mountains beyond mountains

January 13, 2011 § 2 Comments

Exactly one week ago, Annea, Nicole and I tumbled onto a platform and made our way to the McDonalds, the most prominent landmark outside the Marrakech train station. My mother and aunt were waiting, my mom rushing to greet us like we were war heros. Indeed, our separation of two days- while they left for Marrakech and the three of us stayed in Rabat/Kenitra- was a bit like a battleground. We emerged unscathed, but my sisters gained the knowledge that a trio of unaccompanied women are seldom unnoticed. By Wednesday evening, we were looking forward to the double barricade of safety-in-numbers and having a male present. We spent three nights in the Palm Court hotel and our days exploring the Yves Saint Laurent garden, sampling all sorts of pastes and creams at the argan oil cooperative shop, and  sipping on freshly squeezed juice the medina.

At 6:30am on our fourth morning, we met our driver, Mustapha, and burdened a van with luggage like it was a pack mule. We raced the rising sun and plunged straight into a 6-hour feast for our eyes: the High Atlas Mountains. After an appetizer of rising slopes and cream-colored stones, the road dished up  a main course of snow-glazed mountains and a side of aged villages, then finally a dessert of desert. With a few hours before sundown, we saddled up on a half-dozen camels and headed into the Sahara. I’m not kidding. We went on a guided camel trek to a large dune and a makeshift oasis where we spent the night. Our guides provided large carpeted tents and a few candles, a delicious meal cooked on the fire, and after-dinner entertainment of drumming and dancing. Bundled against a cold not usually  associated with the desert, we passed the evening dreaming of warm clothing we wished we had packed and wondering why we even bothered to bring toothbrushes and facewash at all. The beauty of a clear night sky, each vivid light a distinguished guest at a heavenly banquet, could be surpassed only by what our eyes beheld at sunrise the next morning. A silent desert spread before us, consoling us in its vastness after having tested our loyalty with the cold, cold night. The slowly rising sun made heating the sand a secondary priority after setting the dunes ablaze. Even if sand dunes could speak, I’m sure they never would. The curved half circles of the dunes are like enormous eye lids of a dreamer, fluttering ever so slightly and wrapped in deep slumber.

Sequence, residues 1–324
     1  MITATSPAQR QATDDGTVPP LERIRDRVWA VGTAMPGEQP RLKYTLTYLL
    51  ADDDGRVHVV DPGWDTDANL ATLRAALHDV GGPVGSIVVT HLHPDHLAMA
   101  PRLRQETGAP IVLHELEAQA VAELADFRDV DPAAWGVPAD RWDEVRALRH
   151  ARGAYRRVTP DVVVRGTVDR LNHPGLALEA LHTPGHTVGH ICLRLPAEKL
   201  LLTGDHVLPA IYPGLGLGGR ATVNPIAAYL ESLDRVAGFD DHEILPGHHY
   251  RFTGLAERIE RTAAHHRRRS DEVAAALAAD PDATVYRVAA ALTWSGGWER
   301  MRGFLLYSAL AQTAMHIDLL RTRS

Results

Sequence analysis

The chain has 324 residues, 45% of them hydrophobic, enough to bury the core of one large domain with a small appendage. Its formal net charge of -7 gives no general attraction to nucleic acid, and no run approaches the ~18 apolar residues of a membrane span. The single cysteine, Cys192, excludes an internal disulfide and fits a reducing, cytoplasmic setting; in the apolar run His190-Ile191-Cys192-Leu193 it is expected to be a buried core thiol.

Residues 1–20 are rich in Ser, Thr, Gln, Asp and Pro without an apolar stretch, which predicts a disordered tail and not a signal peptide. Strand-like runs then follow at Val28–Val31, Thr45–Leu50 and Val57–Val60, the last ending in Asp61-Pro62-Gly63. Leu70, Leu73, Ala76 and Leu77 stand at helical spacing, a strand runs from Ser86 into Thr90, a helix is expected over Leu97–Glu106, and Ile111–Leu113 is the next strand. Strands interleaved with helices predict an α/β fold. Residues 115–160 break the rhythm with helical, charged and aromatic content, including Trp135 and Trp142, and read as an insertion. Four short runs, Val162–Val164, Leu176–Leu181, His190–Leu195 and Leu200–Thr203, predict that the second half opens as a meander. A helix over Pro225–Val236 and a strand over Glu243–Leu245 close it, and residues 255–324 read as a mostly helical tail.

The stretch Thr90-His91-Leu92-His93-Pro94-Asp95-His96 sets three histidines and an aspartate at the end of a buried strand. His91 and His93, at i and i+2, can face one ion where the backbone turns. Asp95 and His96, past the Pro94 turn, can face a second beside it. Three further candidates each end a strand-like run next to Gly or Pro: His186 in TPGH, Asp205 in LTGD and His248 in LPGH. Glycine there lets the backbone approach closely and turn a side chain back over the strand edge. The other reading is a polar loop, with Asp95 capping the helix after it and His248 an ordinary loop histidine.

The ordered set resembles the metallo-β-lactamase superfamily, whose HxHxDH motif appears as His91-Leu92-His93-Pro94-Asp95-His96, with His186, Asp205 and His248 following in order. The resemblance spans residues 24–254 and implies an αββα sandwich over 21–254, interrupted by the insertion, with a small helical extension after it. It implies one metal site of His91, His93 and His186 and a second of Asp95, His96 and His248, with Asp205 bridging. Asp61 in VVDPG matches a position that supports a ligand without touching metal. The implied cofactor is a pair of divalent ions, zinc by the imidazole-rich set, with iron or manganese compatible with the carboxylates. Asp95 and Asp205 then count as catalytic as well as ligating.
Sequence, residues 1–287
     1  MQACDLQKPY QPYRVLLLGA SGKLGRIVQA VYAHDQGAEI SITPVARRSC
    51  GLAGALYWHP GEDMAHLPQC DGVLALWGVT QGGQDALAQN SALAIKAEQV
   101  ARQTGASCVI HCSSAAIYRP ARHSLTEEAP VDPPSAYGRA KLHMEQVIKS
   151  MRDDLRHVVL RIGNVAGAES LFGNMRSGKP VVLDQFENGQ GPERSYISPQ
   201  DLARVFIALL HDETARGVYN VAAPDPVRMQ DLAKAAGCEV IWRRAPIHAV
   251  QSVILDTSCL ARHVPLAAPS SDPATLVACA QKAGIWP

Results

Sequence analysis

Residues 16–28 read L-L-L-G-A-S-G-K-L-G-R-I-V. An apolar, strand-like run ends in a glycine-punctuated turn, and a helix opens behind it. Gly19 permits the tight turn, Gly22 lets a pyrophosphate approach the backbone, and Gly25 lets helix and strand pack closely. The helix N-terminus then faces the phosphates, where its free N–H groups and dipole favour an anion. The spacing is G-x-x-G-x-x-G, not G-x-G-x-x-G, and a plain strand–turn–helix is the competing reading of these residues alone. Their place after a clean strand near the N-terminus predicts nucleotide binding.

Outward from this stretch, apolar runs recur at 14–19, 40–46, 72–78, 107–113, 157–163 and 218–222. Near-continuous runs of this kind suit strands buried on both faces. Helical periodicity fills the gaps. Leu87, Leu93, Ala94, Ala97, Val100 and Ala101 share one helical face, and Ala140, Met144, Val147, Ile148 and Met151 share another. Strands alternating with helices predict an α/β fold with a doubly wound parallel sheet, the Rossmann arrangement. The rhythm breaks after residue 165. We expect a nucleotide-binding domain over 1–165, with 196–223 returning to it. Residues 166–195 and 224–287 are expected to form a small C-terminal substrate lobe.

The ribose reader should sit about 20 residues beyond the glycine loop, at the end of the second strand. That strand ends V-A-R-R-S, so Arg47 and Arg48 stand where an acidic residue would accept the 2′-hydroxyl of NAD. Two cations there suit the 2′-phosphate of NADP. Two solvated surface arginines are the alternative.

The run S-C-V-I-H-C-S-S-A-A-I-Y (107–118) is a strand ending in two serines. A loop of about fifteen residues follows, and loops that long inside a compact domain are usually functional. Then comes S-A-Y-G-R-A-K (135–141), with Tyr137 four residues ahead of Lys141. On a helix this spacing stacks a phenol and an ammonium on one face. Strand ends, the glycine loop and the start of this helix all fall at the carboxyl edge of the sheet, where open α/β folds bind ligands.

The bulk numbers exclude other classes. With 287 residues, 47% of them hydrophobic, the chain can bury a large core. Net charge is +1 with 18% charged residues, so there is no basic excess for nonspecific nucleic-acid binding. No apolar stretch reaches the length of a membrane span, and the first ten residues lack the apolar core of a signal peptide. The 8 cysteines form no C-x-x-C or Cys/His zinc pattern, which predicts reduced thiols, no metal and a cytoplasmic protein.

All too soon we were back in the van, this time zig-zagging through the Middle Atlas mountains. We were turning the pages of a book as we rounded each corner in the winding road and a new scene unfolded on the horizon. I tried my best to dogear the scenes that were so unusually varied. I was sure we crossed through parts of Washington, Northern California, Mars, and the Canadian tundra all in half a day’s drive. Sometime after nightfall, we arrived at the edge of the Fes medina. The Fes medina is the oldest and largest in all of Morocco, and motorized vehicles are not permitted within its walls. We spent two nights in a ryad tucked deep within the labyrinth. On our first full day we were guided to the major mosques and ancient universities, the world-famous tannery, the weavers, and various sections of trades and crafts. A highlight was the view of the city from the roof of what my sister aptly deemed a carpet mosemleum. That afternoon we wandered past shop keepers poised with tables of merchandise, tentacles to catch tourists drifting along in the sea current that channels through the narrow passages. The second day, my aunt and I woke early to wander the nearly deserted streets, with the objective of losing ourselves in the maze. After our morning crash-course,  we people watched over coffee before returning to the ryad and the rest of our group for lunch and our drive to the airport.

Now the Morocco leg of my family’s trip to this hemisphere is over. We will be in Spain until the weekend. I probably will not be posting anything until I get back to Kenitra Sunday night, but I promise to make the wait worth it by uploading lots of photos. In the meantime, my sister Josie has been blogging about here time here as well. Please visit http://josieisinmorocco.tumblr.com/ and help convince her teachers to let her off the hook for missing school to come visit.

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§ 2 Responses to mountains beyond mountains

  • Monica says:

    Pictures please!!

  • Jillian says:

    The word-pictures you can create in the reader’s head are so vivid. 🙂 I love reading your blog. I started late, but I read all the way back through them.

    I’m especially fascinated with what it’s like to take a gender studies class there. That would be beyond fascinating.

    Can’t wait to hear more!

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